1. Designing Instruction for
Deep Learning and Diversity
March 29, 2010
2. Backward Design Model – Stage 3
1. Identify desired results
2. Determine acceptable
3. Plan learning experiences
3. Backward Design Model – Stage 3
BIG IDEA: Differentiated Instruction
Every student should attain deep
understanding of the core
(big) ideas of learning.
4. Curricular Priorities and Assessment Methods
Worth being Worth Being Familiar With
• Different conditions requiring dietary
familiar with restrictions, such as high blood
pressure, diabetes, and stomach ulcers
know and do Important to know and do
• Canada’s Food Guide recommendations
• Nutritional information on food labels
and how to interpret them
Big Ideas and
• Balanced diet
• “You are what you eat.” Your diet affects
your health, appearance, and
5. Enduring Understandings are for
All students work to the same high
standards on the same essential outcomes.
Differentiation is in how students learn, not
in what they learn.
Hume, Start Where They Are, 2000
6. Backward Design Model – Stage 2
1. What does a learning plan for understanding
look like? (UbD)
2. How do we ensure that our instructional
activities are both engaging and effective?
3. What are the characteristics of ‘best design’?
4. How do we make it more likely that everyone
might achieve understanding? (DI)
7. Learning Intentions for Today
1. Review the attributes of learning designs that are
engaging and effective
2. Develop an understanding of the WHERETO
elements in instructional planning
3. Review the key principles of Differentiated
4. Learn practical ideas for differentiating learning
in terms of content, process and product
8. The Best Learning Designs are Engaging
By engaging, we mean a design that the
(diverse) learners find truly thought provoking,
The Best Learning Designs are Effective
By effective, we mean that the learning design
helps learners become more competent and
productive at worthy work.
(Understanding by Design, Wiggins & McTighe)
9. The Best Learning Designs are
Group A Questions
1. When are students most fully engaged in
and out of school?
2. What makes them so engaged, and
keeps them so engaged?
3. What are the transferable elements from
these exemplary learning situations?
10. The Best Learning Designs are
Group B Questions
1. When is student learning most effective?
2. Under what conditions are learners most
3. Under what conditions is the highest-quality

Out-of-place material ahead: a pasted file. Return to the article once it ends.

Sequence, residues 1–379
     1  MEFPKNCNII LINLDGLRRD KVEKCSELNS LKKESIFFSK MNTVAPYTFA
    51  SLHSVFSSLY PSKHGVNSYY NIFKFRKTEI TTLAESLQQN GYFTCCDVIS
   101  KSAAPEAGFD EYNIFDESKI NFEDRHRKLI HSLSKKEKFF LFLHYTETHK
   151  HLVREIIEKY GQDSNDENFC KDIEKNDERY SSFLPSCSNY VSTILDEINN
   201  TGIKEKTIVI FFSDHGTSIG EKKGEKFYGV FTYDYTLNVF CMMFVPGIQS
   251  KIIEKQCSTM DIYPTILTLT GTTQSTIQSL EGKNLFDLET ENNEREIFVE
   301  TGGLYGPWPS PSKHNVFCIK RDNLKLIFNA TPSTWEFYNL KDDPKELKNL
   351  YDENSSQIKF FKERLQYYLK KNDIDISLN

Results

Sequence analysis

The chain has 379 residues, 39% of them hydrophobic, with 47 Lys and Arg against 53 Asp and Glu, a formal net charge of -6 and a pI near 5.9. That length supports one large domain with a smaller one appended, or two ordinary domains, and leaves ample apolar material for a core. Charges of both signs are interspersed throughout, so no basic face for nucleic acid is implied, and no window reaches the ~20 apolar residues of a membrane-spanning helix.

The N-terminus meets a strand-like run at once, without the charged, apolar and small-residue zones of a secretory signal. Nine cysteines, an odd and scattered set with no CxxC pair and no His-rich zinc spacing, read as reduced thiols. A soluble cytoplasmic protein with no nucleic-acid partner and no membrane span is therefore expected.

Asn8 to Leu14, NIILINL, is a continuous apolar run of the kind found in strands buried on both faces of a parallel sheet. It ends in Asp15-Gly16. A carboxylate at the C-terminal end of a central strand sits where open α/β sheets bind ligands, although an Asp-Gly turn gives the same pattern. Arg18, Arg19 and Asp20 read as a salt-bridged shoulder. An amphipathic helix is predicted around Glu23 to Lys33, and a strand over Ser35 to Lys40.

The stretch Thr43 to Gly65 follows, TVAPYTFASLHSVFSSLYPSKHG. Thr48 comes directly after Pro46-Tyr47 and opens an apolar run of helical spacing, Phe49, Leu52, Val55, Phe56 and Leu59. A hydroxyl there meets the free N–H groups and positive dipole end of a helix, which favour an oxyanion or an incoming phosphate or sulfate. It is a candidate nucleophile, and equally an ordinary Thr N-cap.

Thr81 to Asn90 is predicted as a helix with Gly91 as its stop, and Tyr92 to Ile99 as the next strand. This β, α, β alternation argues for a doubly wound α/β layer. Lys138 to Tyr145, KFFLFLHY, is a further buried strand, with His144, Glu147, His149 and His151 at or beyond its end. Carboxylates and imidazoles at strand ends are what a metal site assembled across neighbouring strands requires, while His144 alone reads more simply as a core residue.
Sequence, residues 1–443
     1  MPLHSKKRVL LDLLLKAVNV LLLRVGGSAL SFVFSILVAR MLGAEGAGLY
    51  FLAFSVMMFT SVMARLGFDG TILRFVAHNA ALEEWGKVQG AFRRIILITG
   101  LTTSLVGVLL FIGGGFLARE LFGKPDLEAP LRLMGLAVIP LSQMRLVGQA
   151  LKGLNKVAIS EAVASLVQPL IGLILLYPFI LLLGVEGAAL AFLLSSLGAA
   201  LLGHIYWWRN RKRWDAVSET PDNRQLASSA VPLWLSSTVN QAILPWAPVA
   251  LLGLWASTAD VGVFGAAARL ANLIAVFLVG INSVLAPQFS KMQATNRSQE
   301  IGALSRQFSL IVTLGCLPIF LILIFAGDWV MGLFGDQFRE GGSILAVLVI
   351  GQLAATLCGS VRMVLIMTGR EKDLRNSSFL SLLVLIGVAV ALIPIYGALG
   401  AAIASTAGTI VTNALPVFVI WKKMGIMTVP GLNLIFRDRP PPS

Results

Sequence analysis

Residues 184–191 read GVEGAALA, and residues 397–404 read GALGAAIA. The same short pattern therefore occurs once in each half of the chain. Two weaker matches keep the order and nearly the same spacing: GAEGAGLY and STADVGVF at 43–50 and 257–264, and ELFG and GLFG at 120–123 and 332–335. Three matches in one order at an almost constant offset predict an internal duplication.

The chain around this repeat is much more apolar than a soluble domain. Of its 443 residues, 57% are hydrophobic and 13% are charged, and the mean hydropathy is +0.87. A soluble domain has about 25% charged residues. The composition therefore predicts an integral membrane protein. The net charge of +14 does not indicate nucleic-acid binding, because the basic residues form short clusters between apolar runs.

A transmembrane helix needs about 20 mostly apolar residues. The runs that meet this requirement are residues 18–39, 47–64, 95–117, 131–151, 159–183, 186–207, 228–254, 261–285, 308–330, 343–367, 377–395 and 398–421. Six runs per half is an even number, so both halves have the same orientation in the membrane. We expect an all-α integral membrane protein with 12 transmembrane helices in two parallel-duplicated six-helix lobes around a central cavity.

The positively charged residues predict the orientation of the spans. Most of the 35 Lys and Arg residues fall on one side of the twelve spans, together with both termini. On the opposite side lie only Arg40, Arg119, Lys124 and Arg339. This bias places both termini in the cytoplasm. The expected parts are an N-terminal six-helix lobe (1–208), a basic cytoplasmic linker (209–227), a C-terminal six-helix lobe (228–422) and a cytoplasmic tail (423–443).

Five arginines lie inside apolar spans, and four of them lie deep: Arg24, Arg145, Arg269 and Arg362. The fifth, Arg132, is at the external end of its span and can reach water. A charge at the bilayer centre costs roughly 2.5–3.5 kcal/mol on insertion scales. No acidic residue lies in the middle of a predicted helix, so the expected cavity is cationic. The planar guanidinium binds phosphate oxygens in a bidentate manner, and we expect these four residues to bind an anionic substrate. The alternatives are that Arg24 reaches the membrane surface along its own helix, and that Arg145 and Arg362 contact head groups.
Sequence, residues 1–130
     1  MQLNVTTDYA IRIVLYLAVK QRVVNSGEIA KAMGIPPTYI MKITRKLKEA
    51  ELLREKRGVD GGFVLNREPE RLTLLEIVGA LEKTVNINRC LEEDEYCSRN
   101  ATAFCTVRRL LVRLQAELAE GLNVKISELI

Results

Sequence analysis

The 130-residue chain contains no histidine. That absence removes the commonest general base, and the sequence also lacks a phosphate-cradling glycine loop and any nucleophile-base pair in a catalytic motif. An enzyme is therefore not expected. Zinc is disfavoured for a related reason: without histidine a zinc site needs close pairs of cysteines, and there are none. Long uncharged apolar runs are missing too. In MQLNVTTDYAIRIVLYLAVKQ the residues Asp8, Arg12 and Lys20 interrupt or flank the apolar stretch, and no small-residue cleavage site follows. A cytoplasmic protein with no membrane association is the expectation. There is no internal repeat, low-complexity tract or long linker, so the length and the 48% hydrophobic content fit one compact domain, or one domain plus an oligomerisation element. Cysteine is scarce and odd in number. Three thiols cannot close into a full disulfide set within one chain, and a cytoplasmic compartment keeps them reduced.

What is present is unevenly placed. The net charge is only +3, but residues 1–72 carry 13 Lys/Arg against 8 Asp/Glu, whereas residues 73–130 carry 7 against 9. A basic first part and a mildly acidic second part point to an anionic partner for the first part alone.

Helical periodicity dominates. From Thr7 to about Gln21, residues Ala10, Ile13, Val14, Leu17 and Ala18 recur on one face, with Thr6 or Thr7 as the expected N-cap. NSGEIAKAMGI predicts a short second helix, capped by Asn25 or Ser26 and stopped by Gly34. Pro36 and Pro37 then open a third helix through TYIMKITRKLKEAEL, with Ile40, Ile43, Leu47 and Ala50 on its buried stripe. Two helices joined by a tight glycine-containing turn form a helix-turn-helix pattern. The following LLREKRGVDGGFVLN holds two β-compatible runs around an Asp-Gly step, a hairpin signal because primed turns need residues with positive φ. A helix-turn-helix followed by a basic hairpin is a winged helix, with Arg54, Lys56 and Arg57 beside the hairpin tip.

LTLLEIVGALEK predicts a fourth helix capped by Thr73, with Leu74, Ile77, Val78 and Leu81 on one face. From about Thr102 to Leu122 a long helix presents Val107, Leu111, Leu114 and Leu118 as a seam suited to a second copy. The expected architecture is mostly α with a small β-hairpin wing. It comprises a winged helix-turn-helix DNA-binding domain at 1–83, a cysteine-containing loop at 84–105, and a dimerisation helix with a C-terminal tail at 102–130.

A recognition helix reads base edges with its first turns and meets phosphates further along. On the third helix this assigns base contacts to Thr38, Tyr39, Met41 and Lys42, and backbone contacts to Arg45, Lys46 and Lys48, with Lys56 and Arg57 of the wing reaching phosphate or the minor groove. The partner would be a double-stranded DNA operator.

4. What makes for the most effective learning, and
what are the transferable elements from these
11. When is Learning
Highly Engaging and Effective?
• Mixed Groups (A and B)
• What’s in the centre?
12. A cornerstone of differentiated
instruction is that you have to be
effective first and differentiated
Hume, Start Where They Are, 2000
13. The Characteristics of the
• Clear performance goals
• Hands-on approach
• Focus on interesting and important ideas,
questions, issues, problems
• Real-world application
• Powerful feedback
• Personalized approach
14. The Characteristics of the
• Clear models and modeling
• Focused reflection time
• Variety in methods, groupings, tasks
• Safe environment for risk-taking
• Teacher as facilitator/coach
• “Immersion” experience
• Focus on ‘big picture’
15. WHERETO Elements in
W- WHERE, WHY and WHAT
H - HOOK
E - EQUIP and ENABLE
R - RETHINK, REFLECT, REVISE
E - EVALUATE
T - TAILOR (content, process, product)
O - ORGANIZE
16. Unit and Lesson Design in a
• Individual Quiz
• Group Discussion
(Hume, Start Where They Are 2010)
17. Where to Differentiate?
Tomlinson & McTighe (2006) Integrating Differentiated Instruction and Understanding by Design. p. 36 Fig 3.3
18. Differentiated Instruction (DI) –
4 Key Principles:
1. Activities need to be linked to
common learning outcomes!
2. Activities should take roughly the
same amount of time
3. Activities need to be equally engaging
4. Activities need to be equally respectful
19. Differentiated Instruction
Dos and Don’ts…
• Don’t offer more than two options to begin DI -
you can add more choices when you know your
• Do think in terms of clusters of students
• Do use Multiple Entry Points
Remember: DI is NOT individualized instruction!
20. Practical Examples…
21. Differentiated Assessment in the
Europe’s High Middle Ages
- Life on the Manor -
Old vs. Differentiated
22. Differentiated Assessment in the
Level 1: Recall Information/Basic Information
Level 2: Basic Examination of Events and Their
Level 3: Analysis of Events and Their Significance
as Explored in Class
Level 4: Making Higher-Level Connections to
Events Outside the Class
23. Marzano’s Simplified Scoring Scale
Student Pattern of Responses
+ + + understanding
Items with help
+ + 0 understanding
Items with help
Type 3 0 0
+ 0 0
Items with help with help
4.0 3.0 2.0 1.0 0.0
Note: + indicates a correct response, 0 indicates incorrect or no response
24. Differentiating Skills (Science)
25. Differentiating Note Taking (Science)
Organelle Function Structure
Controls all _________________
Nucleus in the cell.
Contains the _______________.
Produces energy for the cell.
Changes food into energy.
This process is called cellular
26. Differentiating Progress (Science)
• Especially useful for material that includes
separate steps that build on each other.
• Split students into an independent work
group or re-teach group depending on
27. Differentiating Progress (Science)
• Move students on to independent
work if ready
28. Differentiated Instruction in Math
Is 3/10 For Student A the same as
3/10 for Student B?
BIG IDEA 2:
Is a 6, a six, a , or (2 + 4)?
29. School Team Task
• In your groups, choose one example of a
learning activity from the Six Facets
brainstorming activity or your own
individual or group project
• How could you differentiate this learning
activity for different students?
• Discuss and record ideas
30. Designs 2010 ~ Session 5
• Monday April 12th
• Westview Elementary School
• Elementary and Secondary together
• Debrief/Conclusion of Series
• Sharing of UbD projects